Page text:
/Halloween not ‘pagan’ day
(PHOTO/ Zenith Shrestha) Sorrell Chapel, next to Wallace Hall, hosts weekly Mass and is open 24/7 for student use.

Halloween not ‘pagan’ day

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Taylor Boydstun

Variety Editor

According to CNN, more than 179 million Americans celebrated Halloween this year, spending over $9 billion on decorations, candy, costumes and more. That’s over one-third of the U.S. population.

In a class lecture on the history of Halloween, Luke Ritter, a lecturer of history, told a story from his childhood about trick-or-treating at the home of a man who said he shouldn’t celebrate Halloween since it is a pagan, Satanic holiday.

“Nothing could be further from the truth,” Ritter said. “The origins of Halloween are, in fact, very Christian and rather American.

“Halloween falls on Oct. 31 because of the Catholic Church. It’s not pagan. Its observances are the result of medieval Christian practices of piety, and the Halloween we now celebrate was formed in America.”

According to catholic.org, the Catholic Church first celebrated “All Saints’ Day” or “All Hallows’ Day” in 609 A.D., but it wasn’t until the mid-eighth century that the holiday was moved to Nov. 1. The celebration began the evening before, on Oct. 31, All Hallows’ Eve or “evening,” eventually called Halloween.

Ritter explained the various merging European traditions from multiple countries and religious practices, both ancient and modern, which have been attributed as the source of this holiday. According to Ritter, the first time these were simultaneously celebrated was likely in the British colonies of North America during the 1700s.

“I certainly did not know a lot of that information, like how it brings in multiple aspects of different cultures,” said Sarah Mountain, a freshman English language arts education major from Niceville, Florida. “I think the whole conservative South thinks that it’s, like, very devil-oriented, but the fact that it’s got a lot of Christian roots is actually kind of surprising.”

Rebekah Hedden, a freshman nursing major from Crestview, Florida, commented on the irony of churches hosting fall festivals on the day of Halloween with essentially identical traditions.

“They don’t want to include the word ‘Halloween’ because it’s considered to be pagan, but a fall festival is just celebrating fall, which just happens to be on Halloween, you know, which will still have pumpkins, candy … It will just be ‘Christianized,’ ” Hedden said.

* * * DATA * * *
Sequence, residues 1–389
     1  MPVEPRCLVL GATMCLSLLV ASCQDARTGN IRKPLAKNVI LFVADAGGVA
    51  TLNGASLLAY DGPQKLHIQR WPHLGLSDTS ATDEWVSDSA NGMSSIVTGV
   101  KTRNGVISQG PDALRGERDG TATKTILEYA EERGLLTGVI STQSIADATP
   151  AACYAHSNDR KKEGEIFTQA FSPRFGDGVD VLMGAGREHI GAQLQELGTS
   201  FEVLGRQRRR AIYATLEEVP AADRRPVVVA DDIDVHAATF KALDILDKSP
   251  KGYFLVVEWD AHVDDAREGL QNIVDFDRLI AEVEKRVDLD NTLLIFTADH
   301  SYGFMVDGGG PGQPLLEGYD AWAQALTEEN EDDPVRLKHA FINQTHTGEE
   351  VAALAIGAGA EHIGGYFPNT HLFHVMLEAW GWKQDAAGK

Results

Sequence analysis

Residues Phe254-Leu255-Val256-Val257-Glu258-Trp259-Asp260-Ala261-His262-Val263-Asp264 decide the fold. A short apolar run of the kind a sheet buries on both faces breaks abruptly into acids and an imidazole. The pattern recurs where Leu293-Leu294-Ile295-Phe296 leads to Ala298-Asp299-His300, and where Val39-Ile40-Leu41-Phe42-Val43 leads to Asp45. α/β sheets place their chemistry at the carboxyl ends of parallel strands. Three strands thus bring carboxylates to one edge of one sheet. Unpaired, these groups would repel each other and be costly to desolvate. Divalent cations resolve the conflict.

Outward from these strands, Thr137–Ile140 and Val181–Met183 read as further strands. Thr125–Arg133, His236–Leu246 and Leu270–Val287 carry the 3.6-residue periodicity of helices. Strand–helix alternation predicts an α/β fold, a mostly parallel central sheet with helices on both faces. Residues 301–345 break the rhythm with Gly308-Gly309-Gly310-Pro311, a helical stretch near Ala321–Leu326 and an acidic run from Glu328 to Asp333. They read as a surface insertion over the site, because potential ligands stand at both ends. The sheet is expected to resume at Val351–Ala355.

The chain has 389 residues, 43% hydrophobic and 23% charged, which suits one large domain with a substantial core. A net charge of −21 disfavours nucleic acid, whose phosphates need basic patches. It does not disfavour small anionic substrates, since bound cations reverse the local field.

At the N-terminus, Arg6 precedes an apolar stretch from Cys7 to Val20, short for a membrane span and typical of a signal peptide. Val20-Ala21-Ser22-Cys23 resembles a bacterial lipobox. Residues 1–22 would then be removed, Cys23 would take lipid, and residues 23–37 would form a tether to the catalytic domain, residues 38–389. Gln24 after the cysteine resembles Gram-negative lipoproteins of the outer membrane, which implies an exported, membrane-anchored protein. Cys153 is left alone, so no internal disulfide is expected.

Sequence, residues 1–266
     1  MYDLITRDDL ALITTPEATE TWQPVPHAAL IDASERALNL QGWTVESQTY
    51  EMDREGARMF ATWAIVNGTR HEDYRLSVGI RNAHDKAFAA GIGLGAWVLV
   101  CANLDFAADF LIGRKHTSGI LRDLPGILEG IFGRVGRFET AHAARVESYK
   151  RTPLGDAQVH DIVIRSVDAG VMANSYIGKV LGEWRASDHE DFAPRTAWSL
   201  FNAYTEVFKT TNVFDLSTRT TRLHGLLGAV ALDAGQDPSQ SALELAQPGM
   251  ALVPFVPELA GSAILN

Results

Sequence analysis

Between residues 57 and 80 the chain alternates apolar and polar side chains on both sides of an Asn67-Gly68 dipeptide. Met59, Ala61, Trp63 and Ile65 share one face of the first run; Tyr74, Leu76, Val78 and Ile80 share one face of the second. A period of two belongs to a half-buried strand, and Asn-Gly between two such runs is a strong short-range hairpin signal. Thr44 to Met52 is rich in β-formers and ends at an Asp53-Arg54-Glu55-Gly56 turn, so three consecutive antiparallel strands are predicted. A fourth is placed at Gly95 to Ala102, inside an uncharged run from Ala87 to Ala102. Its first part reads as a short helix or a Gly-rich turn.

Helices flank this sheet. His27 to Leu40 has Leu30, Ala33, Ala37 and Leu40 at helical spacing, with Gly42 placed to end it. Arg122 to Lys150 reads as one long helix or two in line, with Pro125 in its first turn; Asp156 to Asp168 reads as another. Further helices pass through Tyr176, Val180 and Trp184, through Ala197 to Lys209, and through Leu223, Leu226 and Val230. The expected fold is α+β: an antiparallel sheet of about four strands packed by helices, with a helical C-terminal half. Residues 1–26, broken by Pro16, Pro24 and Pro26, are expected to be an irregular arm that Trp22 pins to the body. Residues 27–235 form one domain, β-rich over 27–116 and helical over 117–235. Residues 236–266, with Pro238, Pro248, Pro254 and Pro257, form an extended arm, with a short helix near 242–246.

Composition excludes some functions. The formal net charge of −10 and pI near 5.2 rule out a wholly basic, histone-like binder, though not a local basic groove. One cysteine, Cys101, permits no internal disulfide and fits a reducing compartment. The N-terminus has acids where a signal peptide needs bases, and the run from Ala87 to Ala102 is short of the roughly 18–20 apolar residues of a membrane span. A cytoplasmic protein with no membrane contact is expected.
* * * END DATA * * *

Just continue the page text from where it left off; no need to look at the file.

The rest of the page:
“Trick-or-treat is perhaps the oddest and most American addition to Halloween and, from a kid’s perspective, ‘the bestest part,’ ” Ritter said. “And it so happens to be the unwitting contribution of the English after the Protestant Reformation.

Oct. 31 had also been lauded as Reformation Day because, as the story goes, this was the day that Protestant reformer Martin Luther famously nailed his 95 theses on the church doors of Wittenberg in 1517. This year marks the 500th anniversary.

Ritter said that Luther’s reason for posting on Oct. 31 was to alert Christians in his town that he was protesting false saintliness and the Catholic Church’s supposed exploitation of people’s fear of judgment and purgatory, which was heavily tied to “All Souls’ Day” on Nov. 2.

Leading up to Nov. 2, there was an increase in the sale of indulgences for dead loved ones, which the Catholic Church claimed could pardon certain sins.

In a separate interview, Ritter discussed the impact of the Protestant Reformation.

“The world we know today has been shaped profoundly by the Reformation,” Ritter said. “It’s hard to imagine what the world would look like if this event hadn’t taken place.”

Immediate effects of the Reformation included several religious wars, the independence of several new nation states, the nation of England and greater religious diversity around Europe.

“These nation states gave rise to the kinds of secular governments that we have become used to, governments with constitutions and checks on authority and the ideas of democracy,” Ritter said.

“There were a series of reforms within the Roman Catholic Church happening at the same time as the (Protestant) Reformation that opened up Catholicism considerably to laymen and also called upon priests and religious authorities to remove corruption from Catholic circles and from Catholic churches.”